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Mt. Pulaski , Illinois
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August 31, 1961     Times
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August 31, 1961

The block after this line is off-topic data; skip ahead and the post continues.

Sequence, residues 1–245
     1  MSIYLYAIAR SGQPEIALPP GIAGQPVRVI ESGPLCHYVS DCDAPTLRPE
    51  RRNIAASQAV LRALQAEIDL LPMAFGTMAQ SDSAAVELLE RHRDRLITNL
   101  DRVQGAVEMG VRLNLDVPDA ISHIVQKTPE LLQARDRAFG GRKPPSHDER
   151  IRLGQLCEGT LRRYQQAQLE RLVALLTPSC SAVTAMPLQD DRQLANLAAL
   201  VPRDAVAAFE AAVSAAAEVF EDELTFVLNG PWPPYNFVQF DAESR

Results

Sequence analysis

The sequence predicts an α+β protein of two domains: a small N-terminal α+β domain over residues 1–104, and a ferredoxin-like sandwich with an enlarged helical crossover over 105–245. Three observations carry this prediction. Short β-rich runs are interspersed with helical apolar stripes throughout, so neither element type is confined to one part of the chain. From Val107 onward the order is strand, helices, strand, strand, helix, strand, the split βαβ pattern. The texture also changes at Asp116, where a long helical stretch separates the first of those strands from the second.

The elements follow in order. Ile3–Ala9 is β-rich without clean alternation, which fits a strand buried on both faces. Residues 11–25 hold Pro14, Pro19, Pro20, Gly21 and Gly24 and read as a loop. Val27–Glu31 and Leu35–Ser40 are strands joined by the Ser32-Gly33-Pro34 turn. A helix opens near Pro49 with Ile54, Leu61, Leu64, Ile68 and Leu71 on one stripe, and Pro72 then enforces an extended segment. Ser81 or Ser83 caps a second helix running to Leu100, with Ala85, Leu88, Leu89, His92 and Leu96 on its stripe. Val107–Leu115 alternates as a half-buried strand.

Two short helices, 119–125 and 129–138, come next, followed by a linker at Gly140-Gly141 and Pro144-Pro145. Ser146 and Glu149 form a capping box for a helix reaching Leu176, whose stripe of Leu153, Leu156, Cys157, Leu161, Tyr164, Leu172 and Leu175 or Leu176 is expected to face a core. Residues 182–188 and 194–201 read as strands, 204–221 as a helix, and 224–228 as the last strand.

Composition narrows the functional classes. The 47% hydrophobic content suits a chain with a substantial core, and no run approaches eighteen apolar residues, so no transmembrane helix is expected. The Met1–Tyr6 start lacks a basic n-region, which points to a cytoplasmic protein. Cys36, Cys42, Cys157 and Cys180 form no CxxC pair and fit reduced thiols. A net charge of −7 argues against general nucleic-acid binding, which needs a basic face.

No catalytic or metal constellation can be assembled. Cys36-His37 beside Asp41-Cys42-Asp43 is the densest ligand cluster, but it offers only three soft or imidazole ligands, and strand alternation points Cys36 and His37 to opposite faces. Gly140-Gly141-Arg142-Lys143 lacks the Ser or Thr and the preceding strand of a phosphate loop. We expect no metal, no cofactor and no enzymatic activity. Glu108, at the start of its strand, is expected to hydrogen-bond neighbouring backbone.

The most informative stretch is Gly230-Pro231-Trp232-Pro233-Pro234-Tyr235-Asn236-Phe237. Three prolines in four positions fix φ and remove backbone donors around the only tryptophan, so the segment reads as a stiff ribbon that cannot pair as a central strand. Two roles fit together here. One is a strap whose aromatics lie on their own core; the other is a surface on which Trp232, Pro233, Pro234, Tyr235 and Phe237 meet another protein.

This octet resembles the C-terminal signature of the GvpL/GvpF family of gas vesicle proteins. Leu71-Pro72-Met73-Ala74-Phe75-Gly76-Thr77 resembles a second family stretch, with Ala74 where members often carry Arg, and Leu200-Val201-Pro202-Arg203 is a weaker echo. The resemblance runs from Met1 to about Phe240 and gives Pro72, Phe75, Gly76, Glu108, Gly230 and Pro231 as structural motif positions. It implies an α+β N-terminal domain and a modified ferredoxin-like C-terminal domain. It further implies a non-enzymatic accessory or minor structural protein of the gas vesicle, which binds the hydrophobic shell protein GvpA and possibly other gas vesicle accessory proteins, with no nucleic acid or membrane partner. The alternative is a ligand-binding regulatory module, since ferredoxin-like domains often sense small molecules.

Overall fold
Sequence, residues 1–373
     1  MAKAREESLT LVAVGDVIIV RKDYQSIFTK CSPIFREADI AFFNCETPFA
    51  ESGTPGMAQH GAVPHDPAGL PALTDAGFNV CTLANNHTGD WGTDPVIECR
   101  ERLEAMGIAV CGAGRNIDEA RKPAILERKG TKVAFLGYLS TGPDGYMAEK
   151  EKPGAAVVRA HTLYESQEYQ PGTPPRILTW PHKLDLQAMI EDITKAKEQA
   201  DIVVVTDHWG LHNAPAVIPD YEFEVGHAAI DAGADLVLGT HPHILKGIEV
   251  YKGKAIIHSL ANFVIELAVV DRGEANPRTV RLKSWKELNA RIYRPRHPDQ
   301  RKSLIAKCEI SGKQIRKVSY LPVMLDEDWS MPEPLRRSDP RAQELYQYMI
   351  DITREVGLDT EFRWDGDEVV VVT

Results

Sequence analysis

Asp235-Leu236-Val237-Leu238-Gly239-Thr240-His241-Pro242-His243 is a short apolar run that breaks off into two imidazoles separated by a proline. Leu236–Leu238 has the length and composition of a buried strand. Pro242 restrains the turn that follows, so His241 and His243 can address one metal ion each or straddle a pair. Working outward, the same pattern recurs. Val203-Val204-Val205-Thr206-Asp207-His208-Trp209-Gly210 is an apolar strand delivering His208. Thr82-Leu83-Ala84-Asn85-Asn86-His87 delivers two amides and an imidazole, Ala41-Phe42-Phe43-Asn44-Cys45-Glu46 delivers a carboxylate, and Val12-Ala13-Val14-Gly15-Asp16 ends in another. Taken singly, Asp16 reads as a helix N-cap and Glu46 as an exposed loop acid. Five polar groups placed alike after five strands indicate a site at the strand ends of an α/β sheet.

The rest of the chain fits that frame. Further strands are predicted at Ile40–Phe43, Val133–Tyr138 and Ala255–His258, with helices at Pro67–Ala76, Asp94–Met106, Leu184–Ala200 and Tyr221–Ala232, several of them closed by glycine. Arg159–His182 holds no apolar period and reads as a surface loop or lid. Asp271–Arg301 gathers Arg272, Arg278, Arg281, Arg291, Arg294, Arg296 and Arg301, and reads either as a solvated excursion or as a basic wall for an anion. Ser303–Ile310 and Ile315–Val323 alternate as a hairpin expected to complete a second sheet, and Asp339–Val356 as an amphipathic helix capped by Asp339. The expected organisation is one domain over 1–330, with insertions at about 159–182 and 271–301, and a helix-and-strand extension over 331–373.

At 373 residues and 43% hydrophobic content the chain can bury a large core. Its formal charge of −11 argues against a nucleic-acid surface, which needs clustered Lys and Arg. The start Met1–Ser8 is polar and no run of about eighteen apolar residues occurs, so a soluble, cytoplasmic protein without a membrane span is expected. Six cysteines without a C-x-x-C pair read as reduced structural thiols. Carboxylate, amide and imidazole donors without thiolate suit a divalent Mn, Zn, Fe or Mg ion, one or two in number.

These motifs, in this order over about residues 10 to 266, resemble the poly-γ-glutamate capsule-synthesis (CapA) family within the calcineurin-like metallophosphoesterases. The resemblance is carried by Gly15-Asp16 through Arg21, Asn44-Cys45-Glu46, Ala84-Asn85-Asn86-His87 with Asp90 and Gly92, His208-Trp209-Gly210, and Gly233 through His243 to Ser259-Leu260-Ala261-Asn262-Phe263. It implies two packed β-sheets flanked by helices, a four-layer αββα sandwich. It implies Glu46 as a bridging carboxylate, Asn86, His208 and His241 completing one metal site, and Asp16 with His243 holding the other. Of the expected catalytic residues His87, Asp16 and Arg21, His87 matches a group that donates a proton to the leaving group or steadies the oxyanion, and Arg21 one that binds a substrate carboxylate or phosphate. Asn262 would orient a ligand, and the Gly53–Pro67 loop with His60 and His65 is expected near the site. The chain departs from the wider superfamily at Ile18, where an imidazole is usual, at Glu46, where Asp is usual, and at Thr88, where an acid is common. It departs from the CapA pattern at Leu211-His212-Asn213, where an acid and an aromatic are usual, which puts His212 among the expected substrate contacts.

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FLECTIONS IL 7. Wlble lug up and lookiug  he a source of impir. uu well m enut Qo loar.vtlioned enough the cUuppotmemJ tho vtctmt that have our tompoa going to need this kksd faced a8 we m the uncertainties of we, as little tots, first Lmbing, we no doubt way up the stairs back, count the nuns- 8tes wo had put behind when we'd hear an vofco tolUng us to lest wl tumble back that we bad only goue uP the stofn we clectded hadn't goae any up is neither up the to m2ce more back to see how far we cUmbod. 8muo mor can well ap- e grownupa of today the fact that this gzeat .rs has mmie mdmr- in tho past morn than sUll "mtmg up and tbul-stoge of a eouflagratims gives us n to pause upwind cUmb--msd as  reve to our child- bak over the road traveue the mszppamtxats which m almcet swallowed up  maumucm of use manT, and SvUegN mm4koe, mckle Usai- of time, heulth and of Imck we ffmd that the m hm been a good beautiful and mos than we thought as we tt mma though is with this bit of advice eUeoune om :lea--- up and looking hmm not to foar to wo cannot always see betwmm us and the today wlth the  in tlm W hmnofl Water Show At Indoor Pool On Next Monday ' A Water Show will be given on Monday afternoon, Sept. 4 at the Tomlinson Indoor Pool, starting at 2 p.m. The show will last from one and a half to two hours. Water ballet and fancy diving VII s VOL. 59 THURSDAY, AUGUST 31, 1961 NO. 7 will be featured and therewilltrl Jit:, "Sunday of be underwater search and r000000lve,...ca_.on swimmers from Springfield, play- ing a part in the show, besides some comedy acts. Demonstrations will alan T/  / I  given on all skills learned the beginnersthrugha: 7h e/nomas Mqulnas 00.nurcn swimmers. The public is invited, lea ers have been installed for event. There will be a donation of 50c for adults and 25c for the children. SIL.TENNIAL BELLES POSE FOR PICTURE OF ORGANIZATION The Mount Pulaski Sil-Tennial Belles which has been an active organization since 1959, found it a delightful experience in get- ting together for a group picture Saturday afternon. The group assembled on the steps of the historic old Logan County courthouse now an Abra- ham Lincoln Memorial Shrine. Ninety-seven members assembled and the Sil-Tennial spirit was still evident, as it should be, all this year of 1961. An unusual honor was the pres- ence of a 100 year old resident, Mrs. Richard T. (Clara) Harper. She was brought to the square in a wheelchair and enjoyed the brief trip very much. She is not confL']ed to a wheelchair, walking about her home, and sometimes visits her neighbors. In contrast, was the youngest Sil-Tennial BeUe, little Janice At- wood, of Decatur, who is only six mnths old. Her grandmoth- er, Mrs. FAIls C. Downing, head of the Belles, enrolled her as a Belie right after her birth. Mrs. Sadie Buckles, who ob- served her 89th birthday anni- versary on Saturday was quite thrilled when the assemblage sang "Happy Birthday" to her. LARGE AUDIENCE AT SUNDAY MOVIES A fine turnout was had at the combined movie show at the high school Sunday night. The affair was sponsored by the American Legion and fea- tured the showing of "Operation ,Abolition" which showed some of the technicques of the Com- muists employed in this country. Also shown were colored mov- ies of the Sil.Tennial taken by James Coogan, showing various events as well as the big parade. The Kitchen Band opened the program with a half hour's con- cert and they were never better. fight to JANET DOWNING TO t road  MARRY LEROY RUBIN we ha   of stn Mr. and Mrs. Orville Downing announce' the engagement and ferwm'd to a to- approaching marriage of _their may ] e more daughter, Janet Lee, to tteroy tl Mir  our Rubin, son of Mr. and Mrs. Mar- put  will tin Rubin. to " The w00dding wm take pla% Sunday, September 24 ar ,: p.m.; at the Mount Puaski Christ- SEASON Jan Church. equipment was issued Tennis Doubles Pulaski high Monday 00oup of Tourney Monday by their new Tabacei. A men s doubles tennis tourna- opens on Tuesday, will be held Labor Day at Mount Pulaski high school :ourts, starting in the morning. ['here is no age limit. Players in Logan county and vicinity of Mount Pulaski, and Illiopolls can participate. Trophies for first and second places will be awarded. Entries should contact Dr. R. N. Harem. An entry fee of is Atlanta. games scheduled are: Sept. 15--Beason, here 19---Elkhart, there 22--Hartsburg, here' 26--Open date 29--N. Holland, and Friday, Oct playoffs. will be 3:30. DUANE TURLEY WED SATURDAY AT PLEASANT PLAINS Miss Dorothy Hand, daughter of Mr. and Mrs. William Hand of Pleasant Plains, and Duane H. Turley, son of Mr. and Mrs. Everett Turley of Mount Pulaski, were united in marriage Satur- day, August 26 at 8 p.m. The Rev. Judson Souers per- formed the ceremony at the Pleasant Plains Methodist chur- ch in a double ring ceremony in the presence of the immediate famiiles and close friends. Miss Gaff Hand, sister of the bride, served as maid of honor. Miss Sandra was bridesmaid. James Turley of Decatur, served as best man for his brother. Gary Rentmeister of Ohman, was the groomsman, Lee Hand, Pleasant Plains, and Gene Fuiten, Mount Pulaski, were ushers. James and William Hand, brothers of the bride were the candlelighters. A reception was held in the basement of the church. The bride is employed by the Aetna Casualty and Surety Co., in Springfield. The groom is em- ployed by Modern Plumbing and Heating, Mount Ptflaski. After a short wedding trip they will reside in Mount Pulaski. Out of town guests attending the wedding were Mr. and Mrs. Harold Turley, and daughters, Kim and Michelle, Hope Valley, Rhode Island; Mr. and Mrs. Lloyd Burgess, Decatur; Mrs. Ray Sherman, Morris; Miss Carolyn Miller, Morris; Mr. and Mrs. Jerry Miller, St. Paul, Minn., Donald Byers, Morris. WINS THIRD AT STATE Mardell Bellatti won a third place award in Special Merit class with his 1930 American a, ustin at the State Fair Satur- day, August 19. DEDICATORY SERVICES AT 11:30; HOLDING OPEN HOUSE IN EVENING 632 ENROLLED IN MOUNT PULASKI'S SCHOOLS FOR TERM A total of 632 pupils will at- tend the schools in Mount Pulas- ki this term with the enrollment of three schools, all having open- ed this week with a full corps of teachers. Enrollment at the Mount Pu- laski Consolidated Grade School hit the 360 mark on opening day which was Monday of this week. The enrollment by grades is: Kindergarten 34; First, 43; Sec- ond, 43; Third, 33; Fourth, 41; Fifth, 48; Sixth, 45; Seventh, 44; Eighth, 29. Fifty-four students are attend- ing Zion Lutheran Parochial this year. In the kindergarten are seven pupils with Mrs. Hubert Stoll as teacher. In the lower grades in charge of Mrs. Harold Tendick, Sr., there are 24 in the first four grades. In the upper grades Mr. Erhard Wolf, principal, has 23 pupils. Lee Taylor, high school head, and Joe Kafka, prinicpal, of the Cons. grade sehol, are returning (Continued on page 12) John Zumstein To Enter Carthage College John E. Zumstein, son of Rev. and Mrs. Ray Zumstein, Mount Pulaski, has been accepted at Carthage College and will enter as a freshman in the fall. John graduated from Mount Pulaski Townshp High School in ]May of 1957. He was active in I chorus, band and sports. [ Carthage is a four-year L:eral l arts college supported byhe U- j nited Lutheran Church in Amer- [ica and located in Carthage, Ill. ANNOUNCEMENT MADE OF NEW POSTOFFiCE FOR MOUNT PULASKI Cong. Win. Springer Con00ons From Washinglon. ment's objective of more efficient postal service and also improved working conditions for employ- ees of the department. '"rhe President's accelerated program," the Postmaster Gen- eral pointed out, "calls for the construction and modernization of postal facilities throughout the nation with private industry in- vesting the capital to build new facilities for lease to the Depart- ment during this year." "In ad- dition," he said, "contingent upon the availability of funds, the Post Office Department is going ahead with the modernization of postal space in Federal build- ings." The building here will be lo- cated on the southeast corner of Morgan & Lafayette streets. The preliminary plans call for 2,200 square feet of floor space, with an area of 3,480 square feet for parking and movement of,postal vehicles. When completed, it will service 2,920 people in the area and will replace the present inadequate facility located on the southwest corner of Washington and Jeffer. William Springer in a telephoae carl from Wash-i ingto O. C yesterd, stated I "mat he was Y gratified! mat Mount  had zelx! an authorization fer a new Imt-I office." He also stated that his i exaufluatiou of the local office .over the past three years con- vinced him that there was a real need for a new office, and that! it had been a pleasure to work with the poatmaster, Robert Horn, and other tssterested citizens of Mounf lhdmdd in obtofning these needed facflltiN. Plans to build a new post office in Mount Pulaski have been an- nounced by Postmaster General J. Edward Day. "The new building," Mr. Day '%rill implement President Ken- nedy's program to stimulate the economy and at the same time carry out the Post Office The formal dedication of t beautiful new St. Thoma Cath. olic Church on South will be held at 11:30 this Sunday morning, Sept. 3, Rev. Edward M. Krewer, local pastor, has" been quite active the past months in the arrangements looking this outstanding event in th8 hi tory of the local congregation. The Most Reverend John ]3. Franz, Bishop of Peoria, will coB, duct the dedication ceremonk assisted by Chaplains to the Bl hop, Rev. J. W. McGinn and Rev, Daniel F. Monaghan, with the Very Msgr. Robert G. Peters Of Peoria, as master of ceremonies. A color guard from the of Columbus out of Springfield, will be here to also partlcllmte in the dedication. A dinner for visiting clergy and dignitaries will be served by the ladies of the Altar & Rosary ciety immediately following the dedication. The public is invited to visit the new church during Visita Hours from 7 to 9 that St. Thomas Aquinas church of Mount Pulaski brating its, Centennial year in year that Mount Pulaski is memorating its 125th Cotemporary with the of the town there were a of Catholic families here. ing missionary priests Mount Pulaski in the early and offered Mass and tered the Sacraments. Until time whe St. Thomas :Church became a mission of the Lincoln, Illinois paP the visiting priest offered in the home of Casper Young. In the year 1860 Father _ then pastor of the Lincoln p began to attend St. Thomas quinas Church. From that to the present day the parish has been regularly ed. Father Martin remained charge until 1865 when he succeede00 by Father who was pastor during 1866 1867. About this time, growing stronger in numbers, the faithful were able to have a ch, ch, a common place of womhl To this end the eongregatkm purchased, in 1867, the first IA theran church. For ahnost years this brick church served its purpose for the faithful. From the time of the of the congregation in IAncoln (Continued on page 6) Swimming Lessons Start On Adult swim lessons will be in session at Tomlinson door Pool, starting Monday, 4. Hours are from 6:30 to p.m., the classes for women ginners; from 7:30 to 8:30 mixed intermediates. On Tuesday, ,6:30 to 7:30 is designated for men and from 7:30 to 8:30 for swimmers. Twelve lessons are tO course for $6.00 which paid at the time of the fimt son,